- Joan Miró
- Maquette pour l'oiseau de la tour de la Fondation Maeght
Michel Muraour, France (acquired from the artist)
Alain Muraour, France (acquired from the above)
Private Collection, France (acquired from the above)
Acquired from the above
José Pierre & José Corredor-Matheos, Céramiques de Miró et Artigas, Paris, 1974, no. 354, illustrated p. 177
Francesc Miralles, Llorens Artigas, Barcelona, 1992, no. 904, illustrated p. 336
Josep Llorens Artigas, Joan Miró, Ceramics, Catalogue raisonné, 1941-1981, Paris, 2007, no. 353, illustrated p. 295
Miró’s dynamic Maquette pour l'oiseau de la tour de la Fondation Maeght
is a unique smaller version of Oiseau,
a monumental sculpture in the grounds of the Fondation Maeght in Saint-Paul-de-Vence. Founded in 1964 by Miró’s dealer Aimé Maeght, Fondation Maeght was the first building created to receive contemporary art in France and currently houses several hundred works by the artist. Works in earthenware, or as Miró often called them, “terres de grand feu,” occupy a significant place within the artist’s oeuvre. According to Jacques Dupin, “Even more so than in his painting, when Miró began doing ceramics, he went farther upstream, in a freer more striking manner, farther into the imminent unknown than is customarily expected in such an art form… He bypassed centuries of ornamentation and decoration slavishly associated with ceramics, freeing the inherent virtues harbored by the alliance of clay and fire. For this new working process, he recalled the cave paintings of Altamira and the forms of all primitive art, pre-Columbian and Asiatic, African or ancient Greek… The requirements of ceramics altered Miró’s line, simplified his colors, exaggerated his rhythms. He dove into nature’s vast reserve, which surrounded him and the abandoned objects that he gathered. We run into his familiar themes, but the bird and the woman, serpents and stars have changed worlds and have submitted to ceramic’s materiality as well as the rules of its game. The union of line and real space, of color and substance, recaptures the primitive resonance of his savage paintings. Here, it is the flames of the kiln, after a slow alchemical process, that perform the integration of mind into matter” (J. Dupin quoted in Ceramics, catalogue raisonné, 1941-1981,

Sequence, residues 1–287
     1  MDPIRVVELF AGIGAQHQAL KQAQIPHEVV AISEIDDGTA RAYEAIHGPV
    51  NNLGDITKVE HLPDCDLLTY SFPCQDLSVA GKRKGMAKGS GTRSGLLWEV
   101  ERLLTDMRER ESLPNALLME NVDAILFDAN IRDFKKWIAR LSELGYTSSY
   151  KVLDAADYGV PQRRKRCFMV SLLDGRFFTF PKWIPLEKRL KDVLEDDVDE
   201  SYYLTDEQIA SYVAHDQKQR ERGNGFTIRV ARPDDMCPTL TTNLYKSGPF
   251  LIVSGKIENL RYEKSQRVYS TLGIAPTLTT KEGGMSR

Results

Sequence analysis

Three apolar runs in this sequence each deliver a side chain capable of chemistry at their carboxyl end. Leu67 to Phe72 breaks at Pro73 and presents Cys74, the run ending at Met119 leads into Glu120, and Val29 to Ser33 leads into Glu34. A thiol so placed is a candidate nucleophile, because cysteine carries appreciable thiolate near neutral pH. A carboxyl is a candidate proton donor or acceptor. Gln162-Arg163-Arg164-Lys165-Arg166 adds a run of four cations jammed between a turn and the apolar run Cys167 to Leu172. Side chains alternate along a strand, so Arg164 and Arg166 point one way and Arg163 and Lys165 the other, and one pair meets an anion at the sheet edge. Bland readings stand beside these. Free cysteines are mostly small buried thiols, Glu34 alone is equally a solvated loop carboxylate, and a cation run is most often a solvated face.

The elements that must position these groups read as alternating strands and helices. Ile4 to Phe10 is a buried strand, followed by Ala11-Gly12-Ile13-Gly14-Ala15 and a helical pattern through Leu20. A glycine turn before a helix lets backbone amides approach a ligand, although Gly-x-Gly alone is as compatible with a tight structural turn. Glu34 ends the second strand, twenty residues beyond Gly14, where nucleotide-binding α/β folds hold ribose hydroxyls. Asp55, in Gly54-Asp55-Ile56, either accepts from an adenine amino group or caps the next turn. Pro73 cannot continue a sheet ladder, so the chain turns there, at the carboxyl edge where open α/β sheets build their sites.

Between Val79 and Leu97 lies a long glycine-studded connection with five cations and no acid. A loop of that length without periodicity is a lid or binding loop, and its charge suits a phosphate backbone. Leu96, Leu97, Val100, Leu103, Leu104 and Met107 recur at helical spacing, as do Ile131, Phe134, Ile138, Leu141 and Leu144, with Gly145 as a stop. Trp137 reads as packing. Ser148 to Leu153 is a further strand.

Paris, 2007, p. 21-22).
The first owner of the present work was Michel Muraour (b. 1943), a renowned ceramist who collaborated with Miró on his earthenware projects in the 1960s. Miró met Muraour through his friend Josep Llorens i Artigas, the Catalan ceramist who had been his steady collaborator since the mid-1940s.